Three big announcements today from Microsoft -– and they all revolve around media: There’s the new Windows Media Player version 10, there’s the grand opening of the MSN Music store for downloading music over the Web and the Portable Media Center, essentially a sort of iPod with video and pictures.
I’d like to tell you the entire story –- why all of these items are extremely cool when viewed as a whole –- but unfortunately, that has to wait. Microsoft has embargoed reviewers from writing about a very important piece of the puzzle until the middle of October. So, stay tuned, and in the meantime, there's no shortage of news today:
Windows Media Player 10
The big improvement here is that the software’s interface has been upgraded to allow for easier navigation and use. The improvements include tabs with titles that finally make sense: names like Now Playing, Library, Rip, Burn and Guide.
WMP 10 now allows you to rip music in the MP3 format, not just Microsoft's proprietary format. In the past you had to buy/get/obtain your own MP3 ripping software, or use someone else’s software. Of course, Microsoft still says their proprietary Windows Media compression format sounds better. Many people agree. I prefer non-compressed music files, but that’s an entire separate discussion.
In the upper right hand corner is where you can visit the Digital Media Mall and chose which online music store you’d like to rent music and videos from. There are a few choices (Wal-Mart, CinemaNow, Musicmatch, MusicNow and Napster), but Microsoft is hoping that you choose their new MSN Music store.
Apple’s iTunes is the industry standard. Microsoft is hoping to shake that up, -– especially if the 8 million people who get Internet access from MSN take the plunge and start renting their music via the MSN Music store. The store goes online in a test version today.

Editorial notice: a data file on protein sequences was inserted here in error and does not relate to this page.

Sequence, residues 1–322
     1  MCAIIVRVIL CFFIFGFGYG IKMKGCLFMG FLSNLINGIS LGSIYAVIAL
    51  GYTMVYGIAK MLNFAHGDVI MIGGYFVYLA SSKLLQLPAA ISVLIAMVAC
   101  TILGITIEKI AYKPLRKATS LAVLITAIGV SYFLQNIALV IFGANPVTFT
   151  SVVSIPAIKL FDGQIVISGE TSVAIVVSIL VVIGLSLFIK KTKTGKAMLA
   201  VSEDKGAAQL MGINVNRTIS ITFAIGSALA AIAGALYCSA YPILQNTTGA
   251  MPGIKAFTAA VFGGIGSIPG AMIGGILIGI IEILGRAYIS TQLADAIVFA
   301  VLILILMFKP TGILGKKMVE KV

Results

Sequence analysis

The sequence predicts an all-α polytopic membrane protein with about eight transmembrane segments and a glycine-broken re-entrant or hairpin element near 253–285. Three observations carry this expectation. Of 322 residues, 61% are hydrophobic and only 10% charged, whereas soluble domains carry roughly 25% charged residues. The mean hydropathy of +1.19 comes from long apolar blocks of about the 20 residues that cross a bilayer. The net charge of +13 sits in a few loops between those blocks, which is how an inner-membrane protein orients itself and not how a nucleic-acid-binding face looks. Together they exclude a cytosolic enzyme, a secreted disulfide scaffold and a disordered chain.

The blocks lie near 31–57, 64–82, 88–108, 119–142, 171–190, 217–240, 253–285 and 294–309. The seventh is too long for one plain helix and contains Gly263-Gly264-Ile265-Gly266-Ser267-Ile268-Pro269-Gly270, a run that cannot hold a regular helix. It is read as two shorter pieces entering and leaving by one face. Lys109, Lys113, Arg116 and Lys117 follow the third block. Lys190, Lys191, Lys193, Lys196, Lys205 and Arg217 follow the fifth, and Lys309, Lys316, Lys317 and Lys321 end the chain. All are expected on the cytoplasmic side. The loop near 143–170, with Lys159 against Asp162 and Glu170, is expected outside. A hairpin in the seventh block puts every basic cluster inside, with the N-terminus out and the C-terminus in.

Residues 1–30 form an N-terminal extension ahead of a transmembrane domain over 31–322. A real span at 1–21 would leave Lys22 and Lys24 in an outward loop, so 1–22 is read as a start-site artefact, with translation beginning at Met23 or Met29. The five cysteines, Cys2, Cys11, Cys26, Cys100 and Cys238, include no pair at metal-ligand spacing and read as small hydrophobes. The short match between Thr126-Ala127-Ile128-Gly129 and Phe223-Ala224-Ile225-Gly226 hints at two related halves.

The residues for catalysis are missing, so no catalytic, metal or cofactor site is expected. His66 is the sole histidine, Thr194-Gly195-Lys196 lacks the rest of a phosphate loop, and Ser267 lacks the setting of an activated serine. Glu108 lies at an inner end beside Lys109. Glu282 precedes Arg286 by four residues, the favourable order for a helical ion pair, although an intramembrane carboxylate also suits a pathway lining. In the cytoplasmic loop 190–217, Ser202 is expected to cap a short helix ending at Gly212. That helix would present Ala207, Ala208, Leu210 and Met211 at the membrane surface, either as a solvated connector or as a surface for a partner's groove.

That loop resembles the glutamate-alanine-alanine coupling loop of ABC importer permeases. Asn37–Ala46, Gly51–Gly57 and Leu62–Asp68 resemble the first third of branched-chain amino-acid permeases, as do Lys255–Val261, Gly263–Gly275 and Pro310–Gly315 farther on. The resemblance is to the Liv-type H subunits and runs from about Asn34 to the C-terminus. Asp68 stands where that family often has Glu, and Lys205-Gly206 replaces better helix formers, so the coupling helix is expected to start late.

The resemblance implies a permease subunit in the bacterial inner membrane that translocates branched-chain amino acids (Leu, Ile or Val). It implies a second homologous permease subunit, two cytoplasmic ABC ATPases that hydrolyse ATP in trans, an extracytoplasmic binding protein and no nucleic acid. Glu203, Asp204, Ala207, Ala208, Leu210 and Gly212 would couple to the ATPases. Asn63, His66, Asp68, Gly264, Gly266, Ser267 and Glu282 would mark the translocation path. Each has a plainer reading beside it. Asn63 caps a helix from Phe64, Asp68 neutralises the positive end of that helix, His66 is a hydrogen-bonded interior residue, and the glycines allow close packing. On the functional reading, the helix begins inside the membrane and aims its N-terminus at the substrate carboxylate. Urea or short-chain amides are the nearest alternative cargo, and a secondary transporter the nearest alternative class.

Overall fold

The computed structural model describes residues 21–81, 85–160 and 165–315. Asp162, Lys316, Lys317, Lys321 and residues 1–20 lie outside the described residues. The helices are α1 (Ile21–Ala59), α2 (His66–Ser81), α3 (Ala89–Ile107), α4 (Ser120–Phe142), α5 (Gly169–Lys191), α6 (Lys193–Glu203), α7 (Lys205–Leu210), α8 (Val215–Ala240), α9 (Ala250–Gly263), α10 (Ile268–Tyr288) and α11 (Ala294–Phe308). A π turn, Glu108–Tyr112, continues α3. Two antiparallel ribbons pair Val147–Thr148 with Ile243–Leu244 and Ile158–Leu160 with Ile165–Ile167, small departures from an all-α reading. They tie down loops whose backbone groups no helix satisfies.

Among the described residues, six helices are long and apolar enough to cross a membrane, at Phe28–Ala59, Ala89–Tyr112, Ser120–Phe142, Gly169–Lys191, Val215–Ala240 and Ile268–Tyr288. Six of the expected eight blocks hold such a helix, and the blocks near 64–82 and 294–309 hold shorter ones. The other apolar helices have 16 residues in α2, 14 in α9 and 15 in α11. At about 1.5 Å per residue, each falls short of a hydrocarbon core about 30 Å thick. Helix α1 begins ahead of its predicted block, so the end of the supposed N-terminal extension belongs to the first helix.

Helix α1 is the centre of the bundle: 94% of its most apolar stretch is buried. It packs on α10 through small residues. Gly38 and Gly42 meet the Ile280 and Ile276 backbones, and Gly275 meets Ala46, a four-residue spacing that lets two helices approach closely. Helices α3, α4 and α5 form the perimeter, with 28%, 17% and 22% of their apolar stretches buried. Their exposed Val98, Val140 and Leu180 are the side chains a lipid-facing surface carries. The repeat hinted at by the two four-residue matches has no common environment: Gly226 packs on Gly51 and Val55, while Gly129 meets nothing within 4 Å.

Songs will be available for download in the Windows Media format, which Microsoft likes to point out is supported by multiple portable devices. (ITunes, in contrast, uses a proprietary format.) Pricing is pretty similar to iTunes and the other online music stores, however: 99 cents per song, $9.99 for most albums. Which service you use may come down to which store offers you the best special deals on the songs you want.
While the test version is now live, don't expect to see as many songs as you will on iTunes. MSN says loading the store with all the available songs will take a little time. Eventually, the volumes should be about the same.
(MSNBC content is distributed by MSN. MSNBC itself is a Microsoft - NBC joint venture.)
Portable Media Center
A few years back, Bill Gates and Steve Jobs conducted the battle of the keynote speeches. The heads of Microsoft and Apple each tried to impart his personal vision of the future: computers controlling everything throughout the home, especially media.
In real terms, Apple added photo, music and video editing software to its computers. Then came the iPod. The rest is history.
Microsoft’s work centered more on the home computer -- and video -– with a Media Center Edition of the Windows operating system. Currently a second generation product, Media Center allows you to use your computer as a TiVo of sorts: recording and watching TV programs and videos at your leisure.
At the same time, Microsoft was also working on portable hardware. The company wanted its portable device to be an extension of the Media Center OS. Finally, the first generation of those devices is here.
The Portable Media Center is an audio/video playback only device that allows you to take your recorded and downloaded music (hopefully from the MSN Music store) plus your videos (hopefully from something like a Media Center computer) along with you when you travel.